The Maritime History of the Great Lakes
Chili (Propeller), U127078, 1 May 1895

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      Miss Jennie Drake, Daughter of Capt. Marcus M. Drake, the Managing Owner,
      Christened the Steel Steamer.
      The launch of the big steel steamer CHILI at the yard of the Cleveland Ship Building Company on Saturday afternoon was a success in every respect. She was built for Capt. Marcus M. Drake of this city and others living in Chicago and Pittsburgh.
      The docks on both sides of the river in the vicinity of the ship yard were crowded with people, says the Cleveland Plain Dealer, and the number that turned out to, see the big carrier slide into the water was probably the largest that ever witnessed a launch at the Cleveland yard.
Miss Jennie Drake, daughter of Capt. M. Drake, managing owner of the boat, performed the christening ceremony. Among the large crowd that witnessed the launch were Capt. Drake, Miss Drake, Mr. Edward Maytham, Capt. James Gibson of Buffalo, Mr. William Dickinson of Chicago, Mr. A. B. Wooloin of Duluth and Capt. David Vance of Milwaukee.
The new steamer is 342 feet long over all; the length from the forward side of the stem to the after side of the stern post is 324 feet, beam 42 feet and depth 27 feet. She has four feet sheer forward and two feet sheer aft. There are 10 hatches eight feet wide by 29 feet long, spaced 24 foot centers. The water bottom is 4 1/2 feet deep, and is divided into eight watertight compartments.
The lower hold is divided into three separate water-tight compartments. Four cargo gangways on each side of the ship, with shutters made of one plate each, with special arrangement for hanging and lifting. Each of the hatches is supplied with double hoisting drums, operated by paper frictions and a main line of shaft which in turn is operated by a 12 x 12 vertical high pressure engine.
The propelling machinery consists of one of the builder's famous triple expansion engines, having high pressure cylinder, 20 inches in diameter, intermediate 33 inches diameter, low pressure 54 inches diameter, with a common stroke of 40 inches.
Two Scotch boilers, each 12 feet four inches in diameter and 13 feet long, capable of carrying 170 pounds working pressure, will furnish steam. The propeller wheel, 13 Feet in diameter, 15 feet pitch, which, when turning 75 revolutions per minute, is expected to drive the loaded ship 11 1/2 miles per hour. The boat is expected to carry about 3200 gross tons of iron ore on a draught of 15 feet.
The CHILI will be completed and ready for business in about four weeks. It has not been decided yet who will sail her.
      Buffalo Evening News
      Monday, April 22, 1895

      . . . . .

      Trial Trip of the NORTHLAND & Departure of the Freight Propeller CHILI for Buffalo.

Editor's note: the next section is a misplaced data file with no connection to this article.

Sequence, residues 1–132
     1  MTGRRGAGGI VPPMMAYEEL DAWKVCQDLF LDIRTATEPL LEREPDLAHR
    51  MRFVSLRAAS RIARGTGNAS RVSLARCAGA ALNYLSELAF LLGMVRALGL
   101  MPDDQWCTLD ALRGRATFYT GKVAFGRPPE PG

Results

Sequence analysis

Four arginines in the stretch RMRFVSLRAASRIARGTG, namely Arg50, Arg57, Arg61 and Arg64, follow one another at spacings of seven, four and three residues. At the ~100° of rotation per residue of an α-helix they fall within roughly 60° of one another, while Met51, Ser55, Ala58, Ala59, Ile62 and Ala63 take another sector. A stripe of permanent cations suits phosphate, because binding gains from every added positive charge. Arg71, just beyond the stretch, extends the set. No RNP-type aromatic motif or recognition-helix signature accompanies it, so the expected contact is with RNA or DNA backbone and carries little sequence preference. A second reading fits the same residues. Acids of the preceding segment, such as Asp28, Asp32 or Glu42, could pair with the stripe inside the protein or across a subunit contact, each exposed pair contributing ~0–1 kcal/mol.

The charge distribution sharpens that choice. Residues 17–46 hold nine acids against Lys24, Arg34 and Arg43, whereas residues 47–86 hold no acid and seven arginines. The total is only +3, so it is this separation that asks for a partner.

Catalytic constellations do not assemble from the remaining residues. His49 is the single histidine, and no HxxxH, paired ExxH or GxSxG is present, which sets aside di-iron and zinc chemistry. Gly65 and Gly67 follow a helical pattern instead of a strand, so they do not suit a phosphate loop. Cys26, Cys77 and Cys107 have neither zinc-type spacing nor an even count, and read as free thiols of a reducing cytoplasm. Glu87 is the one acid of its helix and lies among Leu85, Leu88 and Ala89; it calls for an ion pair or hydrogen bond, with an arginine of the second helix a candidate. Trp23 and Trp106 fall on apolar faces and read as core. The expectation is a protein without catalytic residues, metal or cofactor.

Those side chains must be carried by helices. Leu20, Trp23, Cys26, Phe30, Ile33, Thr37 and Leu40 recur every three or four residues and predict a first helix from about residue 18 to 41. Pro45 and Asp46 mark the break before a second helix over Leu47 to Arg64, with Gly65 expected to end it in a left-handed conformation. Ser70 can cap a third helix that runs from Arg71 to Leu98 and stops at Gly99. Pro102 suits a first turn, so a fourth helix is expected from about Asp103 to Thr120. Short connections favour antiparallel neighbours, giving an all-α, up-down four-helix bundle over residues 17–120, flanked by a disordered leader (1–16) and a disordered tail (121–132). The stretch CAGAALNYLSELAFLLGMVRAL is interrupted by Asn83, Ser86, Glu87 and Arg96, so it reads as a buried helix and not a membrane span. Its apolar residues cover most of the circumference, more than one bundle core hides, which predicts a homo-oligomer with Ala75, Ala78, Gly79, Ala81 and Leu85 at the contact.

Two notable marine events occurred at Cleveland Saturday. Two types of vessels, representing the highest constructive ability and the best and most recent designs, in passenger and freight boats respectively, stirred with life and motion for the first time.
The NORTHLAND, a counterpart of the NORTHWEST, the largest passenger boat on the lakes. left the docks of the Globe Iron Works and tried her sea legs out on the lake for a few hours, The CHILI, a modern freight propeller, departed from the docks of the Cleveland Shipbuilding Company for Buffalo to begin her career as a large lake carrier. This new vessel arrived in port early yesterday morning.
The NORTH LAND started on her trial trip at 1 o'clock Saturday afternoon. She went up the lake as far as the dummy light. Her compasses were adjusted and her machinery was thoroughly tested. On her return to the harbor she was welcomed by her sister ship. the NORTHWEST, which went out to meet and pay respects to the new steamer.
The CHILI sailed away at 8:30 o'clock Saturday morning. She is a modern steel freighter, 324 feet keel, 342 feet over all, 42 feet beam, 27 feet deep, she is a duplicate of the I. W. NICHOLAS, built last year. She is designed as a general freight carrier. In 16 feet of water she will carry 3200 tons of ore and in 18 feet, 4500 tons.
The Cleveland Shipbuilding Company took the contract December 1, 1894, to build her in six months. They deliver her to the owner, Capt. M. M. Drake of this city, 10 days before that time. Capt. A. B. Drake has qualified as her master. A few friends accompanied the boat on her trip, including the owner, James C. Wallace, general manager of the Cleveland Shipbuilding Company: J. J. McWilliams of Buffalo, S. C. Schenck of Toledo, David Vance of Milwaukee and others. The CHILI will load coal today for South Chicago.
      Buffalo Evening News
      Monday, May 27, 1895

      . . . . .

Steam screw CHILI. U. S. No. 127078. Of 2,584.33 tons gross; 1,845.27 tons net. Built at Cleveland, Ohio in 1895. Home port, Buffalo, N.Y. 320.5 x 42.0 x 21.8 Steel built.
      Merchant Vessel List, U.S., 1897

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launch, &c., Cleveland
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William R. McNeil
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Chili (Propeller), U127078, 1 May 1895